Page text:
Tuesday, June 12, 2007

Dumb sneaky bastards in the UK: Global Sweepstakes scam

Update 6 (3/24/2009):
It looks like this scam is actively using the name "Global Sweepstakes Prize Inc." again, so I'll put the most important information here at the top:
Global Sweepstakes Prize is a scam. Do not give them any personal information, especially not your bank account number. Do not under any circumstances send them any money. If they sent you a check, it's fake. Read the full post and the comments for details on how the scam works and where you can report it.
I got some interesting mail today. Mixed in with the usual bills and junk mail was an actual letter.

But it wasn't an ordinary letter. It was from the UK. It had a "Royal Mail" postmark and everything.

This was quite a puzzler, because as far as I know, the only people in the UK who know my name and address are Curmudgeonly Yours and IslaSkye, and I couldn't think of any reason they would send me a letter instead of just e-mailing me. Besides, the letter looked kind of strange to be personal. There was no return address, and the address was a printed label with my last name first. So if not Curmudgeonly and Isla, who could it be from?

Well, of course I opened it up, and much to my surprise, I found a letter saying that I had won $250,000. (Click the picture for a little bigger view.)

According to the letter, "Global Sweepstakes Prize Inc." enters "250,000 names from different International census databases worldwide including North America," and their "network server" indicated that I was selected as a prize winner.

Now, there are a couple of things just in that first paragraph that are silly if you think about it. First of all, what kind of sweepstakes goes around selecting random people as winners? Where would the money come from? There are only two ways to pay for a sweepstakes: either from people buying tickets, as in a lottery, or through product advertising and sales, as in the Publisher's Clearing House sweepstakes in the USA. Second, why would a "network server" choose the prize winner? Network servers run networks (duh). They don't generally choose prize winners. I guess it was supposed to sound "technical" or something. But wait, it gets better.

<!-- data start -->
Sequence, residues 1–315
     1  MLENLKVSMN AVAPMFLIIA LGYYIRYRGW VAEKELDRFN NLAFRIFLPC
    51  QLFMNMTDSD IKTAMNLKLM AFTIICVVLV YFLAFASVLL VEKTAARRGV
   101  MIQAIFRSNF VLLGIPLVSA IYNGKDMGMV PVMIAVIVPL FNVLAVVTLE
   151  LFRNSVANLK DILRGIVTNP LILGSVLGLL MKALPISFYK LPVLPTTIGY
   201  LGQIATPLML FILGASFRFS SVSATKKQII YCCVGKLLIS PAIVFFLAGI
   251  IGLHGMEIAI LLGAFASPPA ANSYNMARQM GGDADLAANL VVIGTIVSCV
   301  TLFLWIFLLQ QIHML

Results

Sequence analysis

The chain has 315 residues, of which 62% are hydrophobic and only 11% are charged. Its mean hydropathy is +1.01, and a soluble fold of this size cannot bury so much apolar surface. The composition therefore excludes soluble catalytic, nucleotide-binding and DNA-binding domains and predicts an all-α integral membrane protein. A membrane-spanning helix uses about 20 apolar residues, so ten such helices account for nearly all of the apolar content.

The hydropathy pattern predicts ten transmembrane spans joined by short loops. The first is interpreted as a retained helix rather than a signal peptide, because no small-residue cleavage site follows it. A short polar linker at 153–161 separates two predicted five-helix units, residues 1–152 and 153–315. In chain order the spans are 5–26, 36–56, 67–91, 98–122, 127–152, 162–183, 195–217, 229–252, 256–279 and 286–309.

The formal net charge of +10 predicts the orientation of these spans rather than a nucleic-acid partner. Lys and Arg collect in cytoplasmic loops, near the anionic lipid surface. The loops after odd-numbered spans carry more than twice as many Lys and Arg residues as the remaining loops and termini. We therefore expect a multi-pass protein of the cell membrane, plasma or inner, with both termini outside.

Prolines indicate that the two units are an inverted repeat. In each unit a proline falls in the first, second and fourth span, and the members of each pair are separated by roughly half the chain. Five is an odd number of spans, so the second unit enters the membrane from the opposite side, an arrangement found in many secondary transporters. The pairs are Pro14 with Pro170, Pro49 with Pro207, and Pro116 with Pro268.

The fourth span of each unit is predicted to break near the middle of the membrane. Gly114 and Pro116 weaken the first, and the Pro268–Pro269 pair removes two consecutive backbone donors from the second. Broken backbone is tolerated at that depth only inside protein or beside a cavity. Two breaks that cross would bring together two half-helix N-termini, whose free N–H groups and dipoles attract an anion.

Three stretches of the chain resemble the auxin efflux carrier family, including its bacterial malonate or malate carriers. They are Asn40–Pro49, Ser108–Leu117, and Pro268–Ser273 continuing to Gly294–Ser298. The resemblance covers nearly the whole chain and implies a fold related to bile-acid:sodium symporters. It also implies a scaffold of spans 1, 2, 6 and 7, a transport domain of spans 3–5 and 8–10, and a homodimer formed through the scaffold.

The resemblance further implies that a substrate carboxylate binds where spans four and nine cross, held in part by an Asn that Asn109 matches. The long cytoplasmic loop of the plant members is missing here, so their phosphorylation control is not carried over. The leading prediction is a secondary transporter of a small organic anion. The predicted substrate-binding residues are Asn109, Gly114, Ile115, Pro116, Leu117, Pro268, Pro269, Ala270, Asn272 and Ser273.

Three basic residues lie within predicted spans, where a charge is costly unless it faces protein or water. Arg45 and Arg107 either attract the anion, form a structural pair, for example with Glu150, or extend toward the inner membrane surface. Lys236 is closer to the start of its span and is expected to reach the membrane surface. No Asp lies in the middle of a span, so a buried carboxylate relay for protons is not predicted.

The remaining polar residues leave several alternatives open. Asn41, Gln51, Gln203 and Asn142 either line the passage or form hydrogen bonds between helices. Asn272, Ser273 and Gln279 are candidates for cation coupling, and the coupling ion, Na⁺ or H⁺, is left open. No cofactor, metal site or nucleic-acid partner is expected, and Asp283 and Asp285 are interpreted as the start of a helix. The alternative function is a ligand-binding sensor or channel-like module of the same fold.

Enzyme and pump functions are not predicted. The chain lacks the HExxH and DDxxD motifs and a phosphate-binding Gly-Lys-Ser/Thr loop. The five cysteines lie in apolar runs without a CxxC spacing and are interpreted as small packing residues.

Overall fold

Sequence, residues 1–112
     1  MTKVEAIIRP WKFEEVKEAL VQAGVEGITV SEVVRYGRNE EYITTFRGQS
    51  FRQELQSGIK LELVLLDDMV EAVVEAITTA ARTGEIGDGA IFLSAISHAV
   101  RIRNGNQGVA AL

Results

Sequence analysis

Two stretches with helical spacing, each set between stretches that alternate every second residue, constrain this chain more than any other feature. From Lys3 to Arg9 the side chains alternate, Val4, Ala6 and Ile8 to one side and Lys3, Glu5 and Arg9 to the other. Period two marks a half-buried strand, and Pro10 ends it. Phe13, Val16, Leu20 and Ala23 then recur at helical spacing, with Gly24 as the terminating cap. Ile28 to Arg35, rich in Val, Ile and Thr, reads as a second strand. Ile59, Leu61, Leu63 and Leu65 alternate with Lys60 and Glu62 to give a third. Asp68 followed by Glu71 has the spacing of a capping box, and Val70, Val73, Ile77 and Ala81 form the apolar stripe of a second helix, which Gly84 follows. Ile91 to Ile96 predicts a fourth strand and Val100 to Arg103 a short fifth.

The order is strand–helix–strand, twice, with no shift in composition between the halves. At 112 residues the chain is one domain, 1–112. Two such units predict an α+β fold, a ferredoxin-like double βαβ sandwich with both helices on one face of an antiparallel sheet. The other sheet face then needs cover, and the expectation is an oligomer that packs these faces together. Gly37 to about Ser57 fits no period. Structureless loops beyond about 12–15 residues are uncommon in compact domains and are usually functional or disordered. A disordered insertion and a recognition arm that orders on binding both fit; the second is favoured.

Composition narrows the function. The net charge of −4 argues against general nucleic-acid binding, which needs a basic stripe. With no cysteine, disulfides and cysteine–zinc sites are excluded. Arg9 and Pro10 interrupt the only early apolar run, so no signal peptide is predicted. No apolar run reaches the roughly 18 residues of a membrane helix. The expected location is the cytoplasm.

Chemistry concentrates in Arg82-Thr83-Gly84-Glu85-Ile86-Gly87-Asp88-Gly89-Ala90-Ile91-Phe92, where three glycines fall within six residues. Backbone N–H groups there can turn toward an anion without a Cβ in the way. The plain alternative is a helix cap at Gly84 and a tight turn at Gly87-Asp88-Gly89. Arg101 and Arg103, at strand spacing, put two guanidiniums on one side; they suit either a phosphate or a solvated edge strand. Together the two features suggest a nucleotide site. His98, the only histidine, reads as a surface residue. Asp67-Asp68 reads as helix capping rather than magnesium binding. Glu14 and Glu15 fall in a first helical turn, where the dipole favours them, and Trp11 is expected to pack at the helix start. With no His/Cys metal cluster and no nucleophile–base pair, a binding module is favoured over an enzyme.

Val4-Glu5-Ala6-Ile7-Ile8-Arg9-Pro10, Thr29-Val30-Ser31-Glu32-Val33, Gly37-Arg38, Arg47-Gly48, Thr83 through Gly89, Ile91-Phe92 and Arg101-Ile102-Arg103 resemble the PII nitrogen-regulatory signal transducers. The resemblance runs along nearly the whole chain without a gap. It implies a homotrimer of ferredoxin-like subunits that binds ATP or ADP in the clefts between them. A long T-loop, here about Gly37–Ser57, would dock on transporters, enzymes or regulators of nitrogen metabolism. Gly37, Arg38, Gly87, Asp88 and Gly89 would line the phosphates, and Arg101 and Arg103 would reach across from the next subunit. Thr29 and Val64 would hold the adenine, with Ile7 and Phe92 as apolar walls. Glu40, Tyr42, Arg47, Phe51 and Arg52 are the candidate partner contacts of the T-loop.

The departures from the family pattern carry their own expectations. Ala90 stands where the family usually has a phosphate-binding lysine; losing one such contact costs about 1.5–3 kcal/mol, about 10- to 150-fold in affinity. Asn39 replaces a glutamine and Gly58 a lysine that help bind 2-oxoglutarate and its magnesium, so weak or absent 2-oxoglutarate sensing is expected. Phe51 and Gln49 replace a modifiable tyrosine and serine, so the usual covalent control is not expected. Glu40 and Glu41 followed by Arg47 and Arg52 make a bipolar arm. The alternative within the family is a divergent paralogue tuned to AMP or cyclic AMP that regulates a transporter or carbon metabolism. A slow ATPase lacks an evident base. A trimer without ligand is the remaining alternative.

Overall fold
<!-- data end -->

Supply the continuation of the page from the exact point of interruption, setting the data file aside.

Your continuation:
The second paragraph tells me what my "lucky numbers" were. Of course, this begs the question of why I needed "numbers" if they were using my name from a database. Why not just use my name, or assign it a number between 1 and 250000? But at least they avoid coming right out and asking for a fee. In fact, they say I'm "guaranteed" payment at "no extra cost to [my]self" (emphasis theirs). This is a lie, of course. Once you respond to them, there will be obstacles, red tape, fees, taxes, just a little more that needs to be paid and then the $250,000 is yours. [Note: see the updates and comments below for the actual mechanism of the scam.]

The third paragraph really kicks things into gear. They "would like to explain to [me] the Federal and International regulations governing the personal collection of cash prizes." Gosh, that sounds official. I'd better do exactly what they say. But speaking of "regulations," apparently the UK only has two legal lotteries (neither named "Global Sweepstakes Prize" -- go figure) and it's illegal to play foreign lotteries from the USA anyway. I guess I was supposed to take their word and not look up that kind of stuff on teh interwebs. Anyway, they set up the foolish to be badgered for fees and taxes by referring to an apparently non-existent law, the "United Kingdom Non Resident Tax Act 2003" (section 22).

The fourth paragraph is even better, though. This is classic: "For security purpose and clarity, we strongly advise that you keep your winning information confidential until your claims have been fully processed and your money remitted to you." In other words, "Don't tell anyone we're robbing you until after we've finished." And they shamelessly go on to say, "This is part of our security protocol to avoid double claims and unwarranted abuse of this program by some nominees" (my emphasis this time). Because talking about the "program" makes it more likely that the "nominee" will report the sneaky bastards to the authorities. "Bloody cheek" I believe one might say in the UK.